The European Union named and shamed 17 states that it accuses of being tax havens Tuesday, and put another 47 countries on notice that they risk being blacklisted, too, unless they start tackling tax evasion.
The blacklist was agreed on after 10 months of investigations and diplomatic wrangling, but transparency activists say it doesn't go far enough.
After a meeting in Brussels, EU finance ministers announced the blacklist.
The list doesn't include any European countries, but does name several Caribbean islands, including former British colonies Barbados, Grenada, and Trinidad and Tobago — a reflection, analysts say, of Britain's reduced political clout in the European Union.
Completing the list are American Samoa, Bahrain, Guam, South Korea, Macau, Marshall Islands, Mongolia, Namibia, Palau, Panama, Saint Lucia, Samoa, Tunisia and the United Arab Emirates.
Countries on the list could lose access to EU funds and face further as-yet-undetermined sanctions from the economic bloc.
"To be on a blacklist is, in itself, bad enough and, of course, there will be consequences for these countries," said Luxembourg's finance minister, Pierre Gramegna.
Immediate consequences will be felt by multinationals that do business with any of the blacklisted jurisdictions, as they will face additional and burdensome financial disclosure requirements.
The EU move, part of a broader effort to tackle tax evasion, comes less than a month after the publication of the so-called Paradise Papers, an investigation by nearly 100 media outlets into a leak of 13.4 million files from two offshore service providers.
British officials drew comfort from the exclusion of the Cayman Islands and Bermuda from the list; but their omission prompted an outcry from transparency activists, who dubbed the exercise a "whitewash." Other transparency campaigners, including Oxfam, argue the blacklist should have included well-established EU tax havens: Ireland, Luxembourg, the Netherlands and Malta, as well as Switzerland.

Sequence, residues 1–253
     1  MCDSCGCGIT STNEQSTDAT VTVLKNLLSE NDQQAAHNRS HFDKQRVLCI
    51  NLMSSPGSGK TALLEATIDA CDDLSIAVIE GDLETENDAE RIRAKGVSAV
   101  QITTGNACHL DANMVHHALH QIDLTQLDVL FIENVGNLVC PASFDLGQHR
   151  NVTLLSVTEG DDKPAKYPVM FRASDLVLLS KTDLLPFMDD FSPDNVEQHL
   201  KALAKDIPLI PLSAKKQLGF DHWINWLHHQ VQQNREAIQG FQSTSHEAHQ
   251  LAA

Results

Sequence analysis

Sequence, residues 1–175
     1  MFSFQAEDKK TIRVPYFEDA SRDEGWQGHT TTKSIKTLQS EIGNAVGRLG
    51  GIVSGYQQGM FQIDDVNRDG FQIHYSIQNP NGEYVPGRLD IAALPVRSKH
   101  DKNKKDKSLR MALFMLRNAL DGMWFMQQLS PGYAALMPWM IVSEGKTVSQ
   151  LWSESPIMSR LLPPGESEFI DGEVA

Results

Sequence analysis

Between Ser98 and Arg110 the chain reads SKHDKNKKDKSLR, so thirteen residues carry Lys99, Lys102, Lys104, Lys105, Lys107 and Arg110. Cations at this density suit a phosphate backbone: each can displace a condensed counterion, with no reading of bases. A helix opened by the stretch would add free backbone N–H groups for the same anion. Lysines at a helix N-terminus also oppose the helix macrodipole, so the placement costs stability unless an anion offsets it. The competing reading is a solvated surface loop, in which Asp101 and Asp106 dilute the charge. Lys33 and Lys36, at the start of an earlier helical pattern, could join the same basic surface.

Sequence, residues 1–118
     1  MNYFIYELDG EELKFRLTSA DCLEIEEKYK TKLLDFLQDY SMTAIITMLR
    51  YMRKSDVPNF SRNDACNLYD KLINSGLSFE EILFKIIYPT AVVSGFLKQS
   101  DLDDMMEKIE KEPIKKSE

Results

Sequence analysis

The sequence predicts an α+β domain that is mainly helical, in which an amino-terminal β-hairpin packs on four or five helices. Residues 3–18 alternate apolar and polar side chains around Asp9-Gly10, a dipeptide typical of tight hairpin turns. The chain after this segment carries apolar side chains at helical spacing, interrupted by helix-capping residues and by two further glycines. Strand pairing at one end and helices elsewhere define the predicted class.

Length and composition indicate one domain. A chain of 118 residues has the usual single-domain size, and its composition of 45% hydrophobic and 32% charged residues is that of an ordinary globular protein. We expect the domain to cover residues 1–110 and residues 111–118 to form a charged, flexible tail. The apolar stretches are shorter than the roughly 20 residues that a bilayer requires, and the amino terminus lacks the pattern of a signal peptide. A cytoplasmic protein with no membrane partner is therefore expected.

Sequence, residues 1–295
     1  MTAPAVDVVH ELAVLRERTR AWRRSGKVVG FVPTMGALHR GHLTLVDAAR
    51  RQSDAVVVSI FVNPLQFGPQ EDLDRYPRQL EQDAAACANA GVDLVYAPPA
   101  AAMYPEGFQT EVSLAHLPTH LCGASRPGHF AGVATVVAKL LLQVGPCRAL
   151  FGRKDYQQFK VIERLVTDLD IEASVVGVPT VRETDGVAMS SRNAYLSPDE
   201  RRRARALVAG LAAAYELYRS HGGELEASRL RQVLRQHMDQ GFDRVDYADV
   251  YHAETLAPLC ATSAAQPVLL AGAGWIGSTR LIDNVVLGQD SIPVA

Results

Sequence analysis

Another 47 jurisdictions were included Tuesday in a "grey list." Among those are other British-tied jurisdictions, the Isle of Man and Jersey. The finance ministers deemed them as not currently compliant with EU standards, but all have formally committed to changing their tax rules.
Critics of list
The Tax Justice Network, an advocacy group that campaigns against tax avoidance and corruption, said the European Union had flunked the tax haven test, arguing it had missed an opportunity.
"The list appears to be a politically-led list, that includes only the economically weak and politically unconnected," it said. The blacklist is hard to take seriously, it added, saying, "EU members like the Netherlands, Ireland and Luxembourg are the greatest procurers of global profit-shifting, but are excluded."
Pierre Moscovici, the European commissioner for economic and financial affairs, dismissed the complaints, describing Tuesday's naming and shaming as a vital "first step."
"This list represents substantial progress. Its very existence is an important step forward," he said, adding, "It is the first EU list; it remains an insufficient response to the scale of tax evasion worldwide."
Toomas Toniste, Estonia's finance minister, agreed that the list was an important step.
"This initiative is already proving its value, as numerous countries have worked to meet the deadline for making commitments on the basis of our criteria," he said.
Pushing for change
In the past few weeks, countries at risk of inclusion have been scrambling to promise reforms. To remain off the list, countries had to promise to implement "fair tax rules," which Brussels defines as not offering preferential treatment for companies enabling them to move profits to avoid taxes elsewhere. They also had to pledge to meet international transparency standards of the Organization for Economic Co-operation and Development, or OECD.
Hours before the list was announced, officials from Panama, Samoa, Guam and the Marshall Islands said they thought they had done enough to escape being blacklisted. Several of the named Caribbean islands appealed for exclusion on the basis of the devastation they suffered this year from hurricanes. Several other hurricane-impacted Caribbean islands have been put on probation and their cases will be addressed in February.
Meanwhile, opposition lawmakers in Britain accused the British government of being weak on tax avoidance, criticizing London's diplomatic efforts to persuade EU finance ministers to go easy on the Caribbean islands. Liberal Democrat leader Vince Cable accused Downing Street of helping the super-rich hide their cash.
Cable argued the British government had a long history of "dragging its heels" when it comes to tax havens, saying he witnessed a lack of action when he was in government.
"Some Caribbean islands in particular were operating to very poor standards, sometimes to the cost of the British government," the former business secretary said.
British officials dismiss such accusations, saying London is at the forefront of tackling avoidance and ensuring tax transparency.